The prediction of hallucinatory predisposition in non-clinical individuals: Examining the contribution of emotion and reasoning
Allen P., Freeman D., McGuire P., Garety P., Kuipers E., Fowler D., Bebbington P., Green C., Dunn G., Ray K.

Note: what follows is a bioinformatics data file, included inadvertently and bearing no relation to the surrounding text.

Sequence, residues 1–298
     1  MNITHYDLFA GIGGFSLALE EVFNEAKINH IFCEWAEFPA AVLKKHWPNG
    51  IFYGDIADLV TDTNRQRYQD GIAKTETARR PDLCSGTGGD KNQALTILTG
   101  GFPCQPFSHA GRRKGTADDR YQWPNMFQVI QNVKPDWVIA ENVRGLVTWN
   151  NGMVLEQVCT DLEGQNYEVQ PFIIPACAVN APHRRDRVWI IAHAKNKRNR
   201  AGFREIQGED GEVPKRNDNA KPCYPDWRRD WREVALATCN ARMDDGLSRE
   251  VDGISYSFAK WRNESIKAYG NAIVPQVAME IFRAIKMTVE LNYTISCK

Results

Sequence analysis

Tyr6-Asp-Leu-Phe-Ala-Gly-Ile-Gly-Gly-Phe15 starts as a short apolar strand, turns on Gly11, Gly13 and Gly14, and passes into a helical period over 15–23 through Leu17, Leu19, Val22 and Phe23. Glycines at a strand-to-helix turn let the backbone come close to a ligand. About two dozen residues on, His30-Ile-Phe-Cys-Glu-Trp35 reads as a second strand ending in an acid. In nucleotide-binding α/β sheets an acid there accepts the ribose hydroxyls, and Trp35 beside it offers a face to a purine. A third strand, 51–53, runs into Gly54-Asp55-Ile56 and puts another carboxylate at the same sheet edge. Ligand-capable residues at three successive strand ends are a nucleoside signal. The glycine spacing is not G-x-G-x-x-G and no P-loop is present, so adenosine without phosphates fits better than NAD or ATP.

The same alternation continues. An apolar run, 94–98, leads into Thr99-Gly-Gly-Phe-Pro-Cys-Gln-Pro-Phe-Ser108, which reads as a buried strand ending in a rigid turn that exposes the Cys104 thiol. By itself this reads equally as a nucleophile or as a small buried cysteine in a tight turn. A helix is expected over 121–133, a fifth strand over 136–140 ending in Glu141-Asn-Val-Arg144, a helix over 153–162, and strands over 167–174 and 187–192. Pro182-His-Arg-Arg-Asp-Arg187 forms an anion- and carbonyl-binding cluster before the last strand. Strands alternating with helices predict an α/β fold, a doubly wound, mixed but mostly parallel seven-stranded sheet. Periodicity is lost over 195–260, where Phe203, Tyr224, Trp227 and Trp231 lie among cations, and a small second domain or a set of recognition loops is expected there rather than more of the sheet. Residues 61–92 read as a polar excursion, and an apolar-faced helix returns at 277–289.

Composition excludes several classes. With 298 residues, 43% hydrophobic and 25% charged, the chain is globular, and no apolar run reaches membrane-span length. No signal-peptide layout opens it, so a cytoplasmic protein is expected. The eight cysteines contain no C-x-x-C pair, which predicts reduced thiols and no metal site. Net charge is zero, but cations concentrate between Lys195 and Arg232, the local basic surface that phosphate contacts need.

Background. Emotion, especially anxiety, has been implicated in triggering hallucinations. Reasoning processes are also likely to influence the judgments that lead to hallucinatory experiences. We report an investigation of the prediction of hallucinatory predisposition by emotion and associated processes (anxiety, depression, stress, self-focused attention) and reasoning (need for closure, extreme responding). Method. Data were analysed from a questionnaire survey in a student population (N = 327). Results. Higher levels of anxiety, self-focus, and extreme responding were associated with hallucinatory predisposition. Interactions between these three variables did not strengthen the predictive effect of each. Depression, stress, and need for closure were not found to be predictors of hallucinatory experience in the regression analysis. Conclusion. Emotional and reasoning processes may both need to be considered in the understanding of hallucinatory experience. © 2005 The British Psychological Society.